birds

winter upon us

Shook elms lining the sloped

edges of a pitted road drop

their dying leaves while

Simon with Sam heave-ho

the grounded ones then

threaten each other with

pellets and rope.

Somewhere above the

yellow-brown heaps,

one songbird calls to

a white-winged friend:

“sweet-sweet-sweet”

and feeds her slick babies

black beetles and yarn.

What was once

dark was gray

after became hope

wanting to wind

its way down

to the ankles of

Carlisle Mountain

and lap at the feet

of the widow who

longed for that fat

girl Sanne to return

home and lie about.

October

robin egg

I will tell you about the naked oak in our yard and about

my dead robin, June, who couldn’t fly south for winter

and about the Cooper’s hawk that swooped down to eat

the poor thing, pecking first at a dull eye, while close by

two cracked eggs, each the size of a large jelly bean,

lay oozing yolk and about the cold sky pulled thin and

plumed across my low horizon and about Hyena, with

his pail full of silver buckshot, who shouted from across

the avenue, “Wanna lick my lollipop, pancake tits?”

while behind him two fat boys cackled, with Br’er

Rabbit, the older by some years, in Daddy’s pink shirt

and about mother leaving for the City, her thin

lips painted plump, and about my gray lunch

congealing in a tin pan that sat on the top rack of a

cold oven and about the canned peaches she dumped

into a tea cup and placed on a shelf in her

refrigerator. But not yet and not here

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Bird poop

Bird

Today I have been called to write about bird crap and about why it upsets me so when I find it thickly smeared across my car. It’s not that I have a fancy, immaculately clean automobile I am compelled to overprotect. No. It’s a gray Toyota Yaris I wash and vacuum a few times a year, after which I am pretty well done with the whole business.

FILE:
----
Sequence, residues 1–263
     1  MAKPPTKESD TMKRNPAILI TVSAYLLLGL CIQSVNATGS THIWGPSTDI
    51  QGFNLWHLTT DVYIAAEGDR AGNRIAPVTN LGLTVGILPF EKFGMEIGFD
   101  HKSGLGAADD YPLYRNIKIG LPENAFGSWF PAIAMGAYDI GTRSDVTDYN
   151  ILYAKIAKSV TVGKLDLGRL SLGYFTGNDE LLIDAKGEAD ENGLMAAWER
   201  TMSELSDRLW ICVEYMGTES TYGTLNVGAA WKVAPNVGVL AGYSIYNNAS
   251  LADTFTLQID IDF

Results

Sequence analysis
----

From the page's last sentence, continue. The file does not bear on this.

But, when I headed out to do some food shopping this afternoon and found the entire front end and windshield of the car covered with the foul, crusty stuff, I nearly lost my own s**t, as they say.

In part, my extreme response has to do with my pride and with my not wanting neighbors and passersby on the road to think I don’t know how to maintain my property—and hence myself. As if anyone pays attention to whether or not I have a clean automobile.

When I really think about my reaction, though, I find I am most deeply disturbed by the fact that we are no match for Mother Nature. Ever. No matter how many times, in this instance, we might try to outsmart her by keeping our cars in garages—or by vacuuming, washing. and polishing them—sooner or later we will all get shat upon. And copiously.

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